October 8, 2011
Four weeks until the election and the race has tightened somewhat. Even the mainstream media has had to admit that Romney blew the doors off of Obama in the first debate. How did the Ken Doll do it? He actually showed some spirit, stated his case to the American public, and countered Obama whenever he made up facts about Romney's platform. It has been easy sailing for the President until this point because, as I've often stated, Mr. Romney hasn't laid out his platform in a concise, understandable manner, and that has allowed Mr. Obama to define what Mr. Romney's positions are. I'd expect the President to come out firing in round two, however, without a teleprompter and with no record of success in any of his lifetime endeavors to back him up, a draw will be viewed as a victory.
Everyone is familiar with the Dodd-Frank Act, the legislation that is supposed to help stop the next banking collapse even though, despite its enormity, it wouldn't even have prevented the last downturn. The Act is enormous, cumbersome, contradictory, and a perfect example of a well-intentioned piece of legislation gone extremely bad because politicians and bureaucrats wrote the piece, without considering the practicality of implementation. Now the courts are beginning to knock down specific pieces of the legislation, citing the inability to "enforce because of procedural defects."
India's Nifty index of top stocks dropped by 16% on Friday because of a series of trading errors. The problems from electronic trading are going to get worse before they get better.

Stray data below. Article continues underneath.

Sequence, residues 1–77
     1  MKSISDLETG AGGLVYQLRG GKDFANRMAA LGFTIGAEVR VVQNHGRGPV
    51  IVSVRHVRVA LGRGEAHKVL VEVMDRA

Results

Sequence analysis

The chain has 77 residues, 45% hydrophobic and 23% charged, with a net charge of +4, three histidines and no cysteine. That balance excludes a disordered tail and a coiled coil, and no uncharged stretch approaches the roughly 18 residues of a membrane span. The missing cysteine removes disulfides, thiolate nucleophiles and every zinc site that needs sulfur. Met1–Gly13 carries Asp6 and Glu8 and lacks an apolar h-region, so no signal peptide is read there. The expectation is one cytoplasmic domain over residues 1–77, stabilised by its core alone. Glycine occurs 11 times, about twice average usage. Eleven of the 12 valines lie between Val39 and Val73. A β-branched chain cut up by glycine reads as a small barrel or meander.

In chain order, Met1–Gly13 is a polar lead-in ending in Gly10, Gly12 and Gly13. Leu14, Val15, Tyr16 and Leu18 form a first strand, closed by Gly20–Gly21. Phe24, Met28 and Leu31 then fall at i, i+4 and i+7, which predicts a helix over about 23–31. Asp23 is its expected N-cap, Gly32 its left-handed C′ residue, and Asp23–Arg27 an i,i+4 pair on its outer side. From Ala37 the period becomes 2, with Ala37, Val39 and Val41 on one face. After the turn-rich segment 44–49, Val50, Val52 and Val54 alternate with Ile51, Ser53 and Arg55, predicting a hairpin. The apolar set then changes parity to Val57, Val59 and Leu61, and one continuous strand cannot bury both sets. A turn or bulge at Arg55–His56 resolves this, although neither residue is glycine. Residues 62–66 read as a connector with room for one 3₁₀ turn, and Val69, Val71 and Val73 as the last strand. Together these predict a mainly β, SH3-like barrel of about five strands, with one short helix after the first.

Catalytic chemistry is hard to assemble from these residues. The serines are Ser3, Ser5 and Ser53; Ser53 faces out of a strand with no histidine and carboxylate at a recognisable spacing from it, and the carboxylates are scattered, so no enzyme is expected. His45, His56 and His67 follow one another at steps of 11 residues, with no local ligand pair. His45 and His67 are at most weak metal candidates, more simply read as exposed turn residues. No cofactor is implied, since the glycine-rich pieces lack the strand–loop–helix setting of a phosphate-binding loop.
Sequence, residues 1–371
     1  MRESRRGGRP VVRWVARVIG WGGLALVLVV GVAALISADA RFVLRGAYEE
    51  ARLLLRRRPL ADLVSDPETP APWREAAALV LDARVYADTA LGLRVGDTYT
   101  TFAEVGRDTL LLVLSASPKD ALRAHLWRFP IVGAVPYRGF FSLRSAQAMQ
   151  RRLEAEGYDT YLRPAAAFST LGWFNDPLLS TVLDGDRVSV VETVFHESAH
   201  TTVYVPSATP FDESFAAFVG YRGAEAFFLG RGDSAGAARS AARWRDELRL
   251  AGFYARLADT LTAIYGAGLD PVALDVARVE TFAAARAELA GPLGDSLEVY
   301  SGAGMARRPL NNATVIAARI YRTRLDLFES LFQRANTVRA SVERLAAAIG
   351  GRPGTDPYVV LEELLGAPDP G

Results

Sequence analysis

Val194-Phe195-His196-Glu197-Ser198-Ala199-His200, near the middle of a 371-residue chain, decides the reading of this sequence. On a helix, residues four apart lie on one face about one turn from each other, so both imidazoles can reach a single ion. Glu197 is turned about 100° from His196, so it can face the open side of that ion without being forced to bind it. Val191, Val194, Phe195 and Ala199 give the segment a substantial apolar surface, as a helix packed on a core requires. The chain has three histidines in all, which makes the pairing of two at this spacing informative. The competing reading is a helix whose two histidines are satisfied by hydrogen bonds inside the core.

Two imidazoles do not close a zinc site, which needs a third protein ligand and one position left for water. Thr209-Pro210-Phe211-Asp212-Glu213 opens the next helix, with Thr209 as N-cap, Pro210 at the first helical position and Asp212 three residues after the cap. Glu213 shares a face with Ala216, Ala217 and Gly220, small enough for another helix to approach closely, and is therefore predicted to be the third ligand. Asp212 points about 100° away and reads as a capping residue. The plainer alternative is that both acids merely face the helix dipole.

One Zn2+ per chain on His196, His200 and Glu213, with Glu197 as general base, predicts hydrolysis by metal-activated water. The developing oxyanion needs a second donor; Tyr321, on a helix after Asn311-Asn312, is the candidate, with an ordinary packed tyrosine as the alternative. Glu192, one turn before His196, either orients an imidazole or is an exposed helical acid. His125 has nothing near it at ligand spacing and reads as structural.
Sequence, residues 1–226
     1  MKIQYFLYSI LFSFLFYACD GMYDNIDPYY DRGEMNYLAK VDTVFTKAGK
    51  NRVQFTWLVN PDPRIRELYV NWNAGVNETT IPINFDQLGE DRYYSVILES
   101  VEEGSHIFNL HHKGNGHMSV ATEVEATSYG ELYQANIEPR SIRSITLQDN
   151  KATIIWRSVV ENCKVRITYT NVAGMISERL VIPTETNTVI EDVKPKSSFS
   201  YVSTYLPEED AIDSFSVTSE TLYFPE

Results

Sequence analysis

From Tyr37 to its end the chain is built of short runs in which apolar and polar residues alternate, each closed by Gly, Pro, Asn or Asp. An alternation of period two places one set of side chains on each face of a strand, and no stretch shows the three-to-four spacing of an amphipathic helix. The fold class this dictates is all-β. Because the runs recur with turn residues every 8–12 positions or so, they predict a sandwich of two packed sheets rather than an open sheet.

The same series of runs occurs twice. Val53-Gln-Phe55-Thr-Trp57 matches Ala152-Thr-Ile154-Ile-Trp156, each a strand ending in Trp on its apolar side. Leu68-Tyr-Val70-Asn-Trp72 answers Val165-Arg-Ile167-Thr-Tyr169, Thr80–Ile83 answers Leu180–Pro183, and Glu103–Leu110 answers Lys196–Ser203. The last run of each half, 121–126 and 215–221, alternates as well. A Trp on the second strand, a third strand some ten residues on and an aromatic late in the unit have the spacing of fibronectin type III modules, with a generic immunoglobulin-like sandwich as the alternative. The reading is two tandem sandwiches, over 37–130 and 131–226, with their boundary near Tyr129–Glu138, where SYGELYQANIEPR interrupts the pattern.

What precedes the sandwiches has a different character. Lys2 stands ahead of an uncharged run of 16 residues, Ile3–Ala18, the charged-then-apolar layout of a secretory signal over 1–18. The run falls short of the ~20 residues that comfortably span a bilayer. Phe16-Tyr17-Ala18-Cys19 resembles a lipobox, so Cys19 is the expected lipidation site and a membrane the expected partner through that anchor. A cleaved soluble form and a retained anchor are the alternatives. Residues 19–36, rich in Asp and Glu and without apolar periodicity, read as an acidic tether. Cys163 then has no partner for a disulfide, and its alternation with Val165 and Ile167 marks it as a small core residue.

The unemployment rate fell last week, and was canon fodder for the media. The media, not the blogosphere, was howling about a conspiracy theory in the calculation of the measure. While it wouldn't surprise me that the number has been manipulated, I'd say that this number has been teased around more than just last week, but for a very long time. The rate, now 7.8%, is now a tick lower than when the President took office. There were 112K new jobs last month, hardly enough to drop the rate by 0.3%. The chart below, courtesy of John Williams at www.Shadowstats.com, shows the adjusted unemployment rate, the U-6 underemployment rate, which is still north of 15%.
I have cited a slowdown this quarter in both earnings and sales growth. Strategas Research's Jason Trennert calculates that the negative to positive pronouncements is running at 4:1 this quarter, the worst rate since Q3 2001. While he says that this often augers well for a strong market performance during earnings season, this time might be different given the strong market run since the Fed began signalling its intentions to extend quantitative easing.
I have received some questions regarding my outlook for Q4 and 2013. My views haven't changed since late 2011-I anticipate a slowdown or possibly a recession for 2013. As I've often stated, I don't anticipate a Bernanke led Fed to stop their QE programs until inflation is well upon us. While I expect bond yields to remain low for the next 24-36 months as we continue to meander through this deleveraging process, I fully anticipate rates to explode after that as inflation hits hard. In the interim, I'm looking for 10 year yields, now at 1.74%, to be under 1% before they blow past 3% and approach high single digits (or more). The biggest risk will be in bonds as there are very few bond managers on the planet who have managed money in a rising interest rate environment. It should be interesting.
Need I say more than the picture below?
Wow, three of the top five teams got beat this weekend! My guess is this season will be a shootout. The SEC is going to be a toss-up, although I'd be surprised if any of them ends the season undefeated (sorry Bama fans).
Have a great day